Water is full of life (unless we percolate it with chlorine). River life changes with the water temperature and the amount of light and oxygen. The upper course contains crystal clear water – low in nutrients, cold, and well-oxygenated. The middle course tends to be warmer, with less light towards the bottom, and a medium level of oxygen. And the slow, warm, meandering river in the lowlands is very low in oxygen, but nutrients are at maximum (nitrates washed away from cultivated fields are “extra”). All of this changes life in the river, both flora and fauna.

In the wells and deep springs, tiny creatures, colourless and without eyes, patiently wait in the cold water for a bite – edible stuff sometimes fall into a spring. Springs, those exposed to sun, are home to freshwater snails (e.g. Bythinella austriaca) and common water moss. Spring basins and rivulets, too small for a trout to turn around in, are ideal for freshwater shrimp (agile crustaceans, about one centimetre long), Turbellaria flatworms living pressed against the stones, and horsehair worms, more than ten centimetres long and yes, resembling horsehair.

When a rivulet can be called a stream, you will most probably see trout, European bullheads (“water dragons”), and the marvelous, cyclostomatous European brook lamprey, a fish that spends most of its life as a larva – ammocoete – buried in fine sediments, filter feeding with its round mouth. Adults only live for several days or weeks – they simply deposit eggs, create a new generation, and die. The lamprey larvae enjoy a longer life, usually four to five years in our streams.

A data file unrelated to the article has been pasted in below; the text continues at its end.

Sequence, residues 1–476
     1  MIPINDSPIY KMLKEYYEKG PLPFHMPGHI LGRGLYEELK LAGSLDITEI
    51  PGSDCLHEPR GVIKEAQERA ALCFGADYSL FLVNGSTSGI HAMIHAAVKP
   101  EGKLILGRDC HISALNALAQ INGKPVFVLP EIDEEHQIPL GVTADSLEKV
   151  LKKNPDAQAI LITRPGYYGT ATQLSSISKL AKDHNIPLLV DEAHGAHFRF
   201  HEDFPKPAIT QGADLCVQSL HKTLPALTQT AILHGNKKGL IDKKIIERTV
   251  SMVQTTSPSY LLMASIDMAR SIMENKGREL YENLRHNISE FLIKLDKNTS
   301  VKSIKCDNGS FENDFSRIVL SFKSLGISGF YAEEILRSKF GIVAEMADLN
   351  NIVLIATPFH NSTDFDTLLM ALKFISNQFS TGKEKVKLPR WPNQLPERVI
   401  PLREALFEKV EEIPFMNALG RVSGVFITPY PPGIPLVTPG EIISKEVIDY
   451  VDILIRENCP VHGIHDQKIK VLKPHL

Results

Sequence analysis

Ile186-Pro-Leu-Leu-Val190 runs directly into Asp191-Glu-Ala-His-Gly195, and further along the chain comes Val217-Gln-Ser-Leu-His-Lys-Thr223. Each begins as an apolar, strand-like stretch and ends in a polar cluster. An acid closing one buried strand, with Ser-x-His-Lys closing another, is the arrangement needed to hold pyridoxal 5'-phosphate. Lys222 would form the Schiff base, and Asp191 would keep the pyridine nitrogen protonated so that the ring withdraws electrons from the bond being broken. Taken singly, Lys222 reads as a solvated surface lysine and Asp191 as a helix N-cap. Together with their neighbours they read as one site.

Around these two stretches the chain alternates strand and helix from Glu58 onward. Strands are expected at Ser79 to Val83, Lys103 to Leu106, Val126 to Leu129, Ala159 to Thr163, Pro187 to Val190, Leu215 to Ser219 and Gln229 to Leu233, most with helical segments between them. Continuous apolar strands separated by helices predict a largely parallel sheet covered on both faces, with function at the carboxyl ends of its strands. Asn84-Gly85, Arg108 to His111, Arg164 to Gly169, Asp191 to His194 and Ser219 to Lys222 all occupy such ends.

Streams and rivers also provide a habitat to land invertebrates who spend most of their lives as aquatic larvae. Mayflies are not short-lived, though the saying claims otherwise – their larvae live for several years in water, while the adults die shortly after their wedding dance above surface. You can also see caddisflies, “water builders” or “living wood”, who build houses from small stones and bits of wood. Others, however, do not care a bit for building and prefer hunting using nets, waiting for what comes in the flow. Larvae living in the water flow are sometimes taken downstream – and the winged adults have to fly up river, so that the new generation can again drift downstream. And some have “taxi cabs” for that – for example, larvae of freshwater pearl mussels, tiny glochidia, cling to the gills of trout, who feed them as well as give them a ride. Adult mussels then only sit in the gravel, waiting for what the river will bring. In the current billow water plants: crowfoot (Batrachium), watermilfoil (Myriophyllum), and starwort (Callitriche).

Marsh-marigold (Caltha palustris)


Larger rivers host larger species. With more water – unless the turbines of hydroelectric power plants have flogged them to bits – come grayling, as well as migrating eel and salmon. The river bottom is home to barbel, carp, catfish, white pike, asps, and pikeperch hunt above them. Tubifex worms dig into the bottom, mosquito larvae float on the surface – oxygen is scarce in these waters, so they breathe atmospheric oxygen. You can encounter various mussels here, but also diving bell spiders, predatory great diving beetles, and on the surface, there are pond skaters (insects!) and backswimmers. Afloat, there are water-lilies, delicate green duckweed, while Canadian waterweed often surprises swimmers underwater. The water has turned from clear to brown-green, there is enough heat, there is no fear of drying up.